If you’re a newer knitter (or even if you’ve been knitting for a while) one of the toughest things to master is how to fix common mistakes that everyone makes in their knitting. Today we’re highlighting some tips and tricks for how to avoid tinking or ripping back every time you find an error.

For most of your repairs, you'll need just a few items that are typically found in your knitting bag: removable stitch markers, darning needles, and a crochet hooks or repair hook (our laminated birch repair hooks are pictured below, and are perfect for stashing in your notions pouch!).

Dropped Stitches

By far, the most common problem in knitting is that pesky dropped stitch. You’re knitting along, getting into the rhythm and enjoying yourself and all of a sudden your knit has a run in it! Don’t panic - just follow the steps outlined here.

  1. Catch the stitch. If you’ve got a locking stitch marker or a safety pin handy, the best thing to do is to catch the loop of the stitch as best you can, keeping it safe until you can repair it. In a pinch, a length of waste yarn threaded through the loop will also do the trick.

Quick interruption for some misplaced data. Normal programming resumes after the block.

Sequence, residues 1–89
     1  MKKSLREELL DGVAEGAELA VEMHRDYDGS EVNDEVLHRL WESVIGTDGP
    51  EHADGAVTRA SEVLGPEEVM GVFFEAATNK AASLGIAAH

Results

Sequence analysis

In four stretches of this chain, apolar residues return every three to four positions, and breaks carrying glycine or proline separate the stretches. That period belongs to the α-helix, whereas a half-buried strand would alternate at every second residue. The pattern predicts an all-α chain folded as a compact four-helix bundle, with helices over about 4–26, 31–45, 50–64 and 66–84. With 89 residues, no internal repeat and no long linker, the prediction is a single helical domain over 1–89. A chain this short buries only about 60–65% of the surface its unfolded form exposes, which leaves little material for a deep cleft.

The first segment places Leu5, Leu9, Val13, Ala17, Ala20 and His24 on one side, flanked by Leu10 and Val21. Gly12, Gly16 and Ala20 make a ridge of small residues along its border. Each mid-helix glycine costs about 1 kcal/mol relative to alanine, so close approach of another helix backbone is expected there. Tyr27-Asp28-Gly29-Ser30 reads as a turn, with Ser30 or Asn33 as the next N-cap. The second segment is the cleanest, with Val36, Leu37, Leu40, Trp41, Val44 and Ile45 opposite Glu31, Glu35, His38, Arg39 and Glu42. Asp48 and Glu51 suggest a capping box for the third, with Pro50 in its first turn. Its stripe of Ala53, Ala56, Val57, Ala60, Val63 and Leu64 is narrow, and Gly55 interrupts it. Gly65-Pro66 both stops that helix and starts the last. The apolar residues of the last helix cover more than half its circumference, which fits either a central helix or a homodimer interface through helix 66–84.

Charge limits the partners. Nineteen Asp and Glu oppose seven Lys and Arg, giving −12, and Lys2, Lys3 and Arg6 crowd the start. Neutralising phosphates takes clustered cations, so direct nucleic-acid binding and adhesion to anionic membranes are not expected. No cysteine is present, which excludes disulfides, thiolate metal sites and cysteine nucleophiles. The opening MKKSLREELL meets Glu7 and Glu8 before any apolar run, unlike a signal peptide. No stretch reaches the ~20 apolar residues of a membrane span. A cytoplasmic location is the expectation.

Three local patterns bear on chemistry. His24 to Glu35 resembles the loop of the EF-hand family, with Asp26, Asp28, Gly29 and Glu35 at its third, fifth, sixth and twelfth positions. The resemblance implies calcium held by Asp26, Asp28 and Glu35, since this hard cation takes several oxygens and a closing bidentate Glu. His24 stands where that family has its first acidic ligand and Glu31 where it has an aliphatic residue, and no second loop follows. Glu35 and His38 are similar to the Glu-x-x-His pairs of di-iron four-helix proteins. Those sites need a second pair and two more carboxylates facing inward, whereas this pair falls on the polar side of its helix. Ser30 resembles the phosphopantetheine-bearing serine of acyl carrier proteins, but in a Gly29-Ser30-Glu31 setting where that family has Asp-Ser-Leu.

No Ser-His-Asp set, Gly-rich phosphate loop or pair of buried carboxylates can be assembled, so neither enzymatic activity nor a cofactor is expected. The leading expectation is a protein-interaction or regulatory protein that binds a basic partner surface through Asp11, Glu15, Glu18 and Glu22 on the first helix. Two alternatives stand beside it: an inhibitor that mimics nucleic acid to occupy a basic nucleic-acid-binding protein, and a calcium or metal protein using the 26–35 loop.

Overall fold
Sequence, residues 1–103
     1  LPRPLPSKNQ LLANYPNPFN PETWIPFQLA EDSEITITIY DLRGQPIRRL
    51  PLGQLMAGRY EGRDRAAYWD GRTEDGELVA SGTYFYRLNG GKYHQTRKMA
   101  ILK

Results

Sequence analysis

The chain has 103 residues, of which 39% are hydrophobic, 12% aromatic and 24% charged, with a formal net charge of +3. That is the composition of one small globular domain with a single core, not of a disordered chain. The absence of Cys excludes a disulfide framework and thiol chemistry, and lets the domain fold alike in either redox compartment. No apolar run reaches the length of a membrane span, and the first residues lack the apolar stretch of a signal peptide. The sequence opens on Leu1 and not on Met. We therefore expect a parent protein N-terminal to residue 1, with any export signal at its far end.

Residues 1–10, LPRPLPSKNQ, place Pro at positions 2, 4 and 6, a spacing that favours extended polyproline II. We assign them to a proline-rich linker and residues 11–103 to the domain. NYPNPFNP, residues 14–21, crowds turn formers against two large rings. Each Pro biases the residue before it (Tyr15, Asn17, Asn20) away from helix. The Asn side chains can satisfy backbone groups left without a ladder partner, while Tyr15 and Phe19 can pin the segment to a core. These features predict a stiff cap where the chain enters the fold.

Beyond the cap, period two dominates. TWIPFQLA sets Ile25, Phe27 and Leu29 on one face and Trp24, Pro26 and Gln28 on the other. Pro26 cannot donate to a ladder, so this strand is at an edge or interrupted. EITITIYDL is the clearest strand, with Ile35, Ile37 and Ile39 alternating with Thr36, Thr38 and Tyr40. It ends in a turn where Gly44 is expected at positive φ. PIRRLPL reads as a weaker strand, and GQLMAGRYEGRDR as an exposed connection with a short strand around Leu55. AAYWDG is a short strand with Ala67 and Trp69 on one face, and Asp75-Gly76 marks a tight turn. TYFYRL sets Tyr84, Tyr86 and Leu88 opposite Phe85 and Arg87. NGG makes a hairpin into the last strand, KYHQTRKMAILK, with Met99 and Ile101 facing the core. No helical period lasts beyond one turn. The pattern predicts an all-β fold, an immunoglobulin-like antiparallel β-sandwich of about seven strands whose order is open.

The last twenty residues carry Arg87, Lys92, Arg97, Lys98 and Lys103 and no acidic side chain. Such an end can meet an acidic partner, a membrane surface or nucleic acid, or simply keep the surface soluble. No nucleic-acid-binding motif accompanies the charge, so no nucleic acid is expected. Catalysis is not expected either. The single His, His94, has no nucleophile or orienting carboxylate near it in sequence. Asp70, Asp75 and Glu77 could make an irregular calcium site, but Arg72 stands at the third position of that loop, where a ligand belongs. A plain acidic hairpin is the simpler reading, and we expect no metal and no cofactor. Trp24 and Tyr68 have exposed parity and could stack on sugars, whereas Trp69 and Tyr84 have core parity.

2. When you’re ready to repair, work your knitting up to the column where you dropped the stitch. We usually find it easier to repair dropped stitches from the right side of the work, but it can be done from either side, depending on your comfort level.
  3. Using a small crochet hook or a laminated birch crochet hook, snag the stitch that’s on your stitch holder, remove the stitch holder, and gently begin to crochet the loops in formation back up to your working needle. When you get to your working needle, slide the stitch back onto your left needle and continue working in pattern. After you complete your fix, the tension in that column of stitches may be a little off (either a little loose or a little tight), but that should even itself out in washing and blocking. Congratulations! You fixed your dropped stitch!